Air Freight: Trade from Europe to the US is expected to decrease as up to 80% of transatlantic air freight capacity could be cut. Rates which are normally GBP 0.65 (USD 0.78) per kg from the UK to the US East Coast are likely to go up to GBP 2 (USD 2.39) per kg and charters up to USD 7.50 per kg.

Italy: Workers in manufacturing and production sites are allowed to work but must keep a distance from each other. While there are no restrictions on any food shipments, there has been a lack of shipping containers, increases in blank sailing in imports, and rolling of booking due to lack of capacity. Orders that normally take 4 weeks are now delivered in twice the time. In the Italian-Austrian border, for example, trucks loading shipments were caught in a long waiting line as drivers have been subject to health-checks.

Austria: There is no direct flight between Austria and the UK, or direct rail connection from Austria to Italy, France, Spain, Switzerland. There are temporary border controls on the Austrian-Italian border, and travelers on the Austrian border are subject to health checks.

Poland: Special flights are chartered for good transports. Borders open for goods deliveries via trucks which will not be subject to a two-week quarantine. There are increased checkpoints at borders with Germany, the Czech Republic and decreased checkpoints for Italy, Spain, Portugal.


Hungary: Chicken export has been put on hold due to an unexpected shortage of food products from increased domestic demand.

Spain: In case of a fresh produce shortage, the government will intervene and implement restrictions on exports to guarantee domestic supply. However, experts believe this will only lead to higher prices in domestic markets. Customs office staff are subject to health and travel restrictions, resulting in possible delays in the customs declaration process.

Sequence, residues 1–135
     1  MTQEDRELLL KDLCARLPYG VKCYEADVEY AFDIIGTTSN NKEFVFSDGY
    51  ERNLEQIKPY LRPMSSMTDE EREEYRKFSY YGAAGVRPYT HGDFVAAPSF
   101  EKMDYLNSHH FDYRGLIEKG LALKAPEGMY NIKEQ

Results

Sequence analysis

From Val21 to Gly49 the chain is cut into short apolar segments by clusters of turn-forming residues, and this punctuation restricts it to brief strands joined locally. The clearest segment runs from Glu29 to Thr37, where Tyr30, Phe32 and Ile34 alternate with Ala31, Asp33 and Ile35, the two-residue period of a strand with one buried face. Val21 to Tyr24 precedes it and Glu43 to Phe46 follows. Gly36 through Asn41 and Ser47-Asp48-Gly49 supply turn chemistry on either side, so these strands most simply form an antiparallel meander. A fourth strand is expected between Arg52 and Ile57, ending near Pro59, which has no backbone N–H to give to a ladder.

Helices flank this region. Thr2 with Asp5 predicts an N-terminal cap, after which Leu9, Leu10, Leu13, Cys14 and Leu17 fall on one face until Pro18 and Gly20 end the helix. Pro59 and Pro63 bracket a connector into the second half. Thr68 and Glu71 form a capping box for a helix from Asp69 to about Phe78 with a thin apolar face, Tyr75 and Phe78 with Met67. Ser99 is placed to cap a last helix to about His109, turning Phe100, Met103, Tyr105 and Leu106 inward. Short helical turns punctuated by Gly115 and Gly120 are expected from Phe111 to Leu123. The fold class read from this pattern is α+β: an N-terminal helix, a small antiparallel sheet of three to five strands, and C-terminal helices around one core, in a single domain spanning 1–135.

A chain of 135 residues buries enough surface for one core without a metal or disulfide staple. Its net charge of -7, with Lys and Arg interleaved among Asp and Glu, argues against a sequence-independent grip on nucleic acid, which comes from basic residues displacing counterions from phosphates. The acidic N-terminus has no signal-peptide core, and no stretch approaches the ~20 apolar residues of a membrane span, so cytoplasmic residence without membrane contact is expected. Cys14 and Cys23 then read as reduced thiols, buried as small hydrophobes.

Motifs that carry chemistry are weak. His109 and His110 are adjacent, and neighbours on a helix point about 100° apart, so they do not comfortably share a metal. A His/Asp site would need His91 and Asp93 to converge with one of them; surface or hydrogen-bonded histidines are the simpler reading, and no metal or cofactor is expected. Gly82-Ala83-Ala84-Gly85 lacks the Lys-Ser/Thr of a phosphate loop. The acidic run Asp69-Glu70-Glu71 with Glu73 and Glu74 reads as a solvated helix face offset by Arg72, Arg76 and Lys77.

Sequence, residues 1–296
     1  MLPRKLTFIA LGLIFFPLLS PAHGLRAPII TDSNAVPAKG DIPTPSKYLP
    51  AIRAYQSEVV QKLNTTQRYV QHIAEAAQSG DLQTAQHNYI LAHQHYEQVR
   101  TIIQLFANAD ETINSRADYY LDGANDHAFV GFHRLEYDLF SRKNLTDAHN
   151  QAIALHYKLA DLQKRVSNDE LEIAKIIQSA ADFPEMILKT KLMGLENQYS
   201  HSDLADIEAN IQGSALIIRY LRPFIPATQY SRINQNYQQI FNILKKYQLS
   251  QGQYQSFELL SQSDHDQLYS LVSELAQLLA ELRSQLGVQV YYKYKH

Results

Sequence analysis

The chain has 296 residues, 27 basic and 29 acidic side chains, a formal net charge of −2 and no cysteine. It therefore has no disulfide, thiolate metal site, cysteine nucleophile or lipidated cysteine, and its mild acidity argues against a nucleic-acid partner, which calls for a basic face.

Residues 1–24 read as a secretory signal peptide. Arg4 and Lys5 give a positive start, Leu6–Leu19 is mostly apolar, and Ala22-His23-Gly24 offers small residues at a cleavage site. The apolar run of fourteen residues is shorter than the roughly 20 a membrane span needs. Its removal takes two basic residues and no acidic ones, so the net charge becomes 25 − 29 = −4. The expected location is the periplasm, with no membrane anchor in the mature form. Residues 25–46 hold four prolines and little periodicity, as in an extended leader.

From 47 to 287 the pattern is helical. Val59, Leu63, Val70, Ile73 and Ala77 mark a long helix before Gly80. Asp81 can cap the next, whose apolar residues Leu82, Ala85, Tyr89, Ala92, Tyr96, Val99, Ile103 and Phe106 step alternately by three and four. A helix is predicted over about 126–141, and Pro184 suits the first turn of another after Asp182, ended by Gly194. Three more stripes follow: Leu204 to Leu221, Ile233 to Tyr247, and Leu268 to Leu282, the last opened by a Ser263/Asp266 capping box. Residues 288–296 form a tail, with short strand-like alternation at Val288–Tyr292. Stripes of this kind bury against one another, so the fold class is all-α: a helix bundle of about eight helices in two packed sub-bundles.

Influences on Exports & Imports

Italian exports are projected to decrease as the coronavirus has put a stigma on Italian products, with some buyers even requesting “coronavirus-free” certification for products. As of early to mid-March, 53% of Italian agri-food companies received order cancellations from abroad since the coronavirus outbreak in Italy. Border blocks in shipments are expected to cause damage to almost 63% of Italian agri-food exports which are valued at EUR 44.6 billion (USD 50 billion) exported to Europe. Italy’s main agricultural export commodities are pasta, bread, wine, and dairy products.

Onion prices and sales in the Netherlands have gone up with increasing European demand and the shortage of empty containers.